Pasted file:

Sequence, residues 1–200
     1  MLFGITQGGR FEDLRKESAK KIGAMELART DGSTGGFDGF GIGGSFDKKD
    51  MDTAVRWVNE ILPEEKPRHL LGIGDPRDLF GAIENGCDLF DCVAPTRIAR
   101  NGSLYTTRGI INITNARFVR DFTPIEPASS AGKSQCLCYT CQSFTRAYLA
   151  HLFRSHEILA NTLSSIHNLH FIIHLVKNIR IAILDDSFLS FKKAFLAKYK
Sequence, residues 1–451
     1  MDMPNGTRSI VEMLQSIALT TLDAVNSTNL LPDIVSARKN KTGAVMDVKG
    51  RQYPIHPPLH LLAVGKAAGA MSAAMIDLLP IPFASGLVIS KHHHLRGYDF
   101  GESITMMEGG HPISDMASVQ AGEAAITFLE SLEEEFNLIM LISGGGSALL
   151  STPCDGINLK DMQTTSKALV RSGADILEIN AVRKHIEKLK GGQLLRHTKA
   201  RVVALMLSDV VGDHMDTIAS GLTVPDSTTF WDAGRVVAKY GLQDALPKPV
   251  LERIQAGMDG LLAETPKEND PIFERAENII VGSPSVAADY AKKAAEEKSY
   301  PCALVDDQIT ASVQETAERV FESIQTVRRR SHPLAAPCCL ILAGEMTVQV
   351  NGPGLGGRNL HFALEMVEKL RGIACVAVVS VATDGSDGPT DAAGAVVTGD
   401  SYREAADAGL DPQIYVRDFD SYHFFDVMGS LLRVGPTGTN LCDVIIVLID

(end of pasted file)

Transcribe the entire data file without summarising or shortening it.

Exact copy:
Sequence, residues 1–200
     1  MLFGITQGGR FEDLRKESAK KIGAMELART DGSTGGFDGF GIGGSFDKKD
    51  MDTAVRWVNE ILPEEKPRHL LGIGDPRDLF GAIENGCDLF DCVAPTRIAR
   101  NGSLYTTRGI INITNARFVR DFTPIEPASS AGKSQCLCYT CQSFTRAYLA
   151  HLFRSHEILA NTLSSIHNLH FIIHLVKNIR IAILDDSFLS FKKAFLAKYK
Sequence, residues 1–451
     1  MDMPNGTRSI VEMLQSIALT TLDAVNSTNL LPDIVSARKN KTGAVMDVKG
    51  RQYPIHPPLH LLAVGKAAGA MSAAMIDLLP IPFASGLVIS KHHHLRGYDF
   101  GESITMMEGG HPISDMASVQ AGEAAITFLE SLEEEFNLIM LISGGGSALL
   151  STPCDGINLK DMQTTSKALV RSGADILEIN AVRKHIEKLK GGQLLRHTKA
   201  RVVALMLSDV VGDHMDTIAS GLTVPDSTTF WDAGRVVAKY GLQDALPKPV
   251  LERIQAGMDG LLAETPKEND PIFERAENII VGSPSVAADY AKKAAEEKSY
   301  PCALVDDQIT ASVQETAERV FESIQTVRRR SHPLAAPCCL ILAGEMTVQV
   351  NGPGLGGRNL HFALEMVEKL RGIACVAVVS VATDGSDGPT DAAGAVVTGD
   401  SYREAADAGL DPQIYVRDFD SYHFFDVMGS LLRVGPTGTN LCDVIIVLID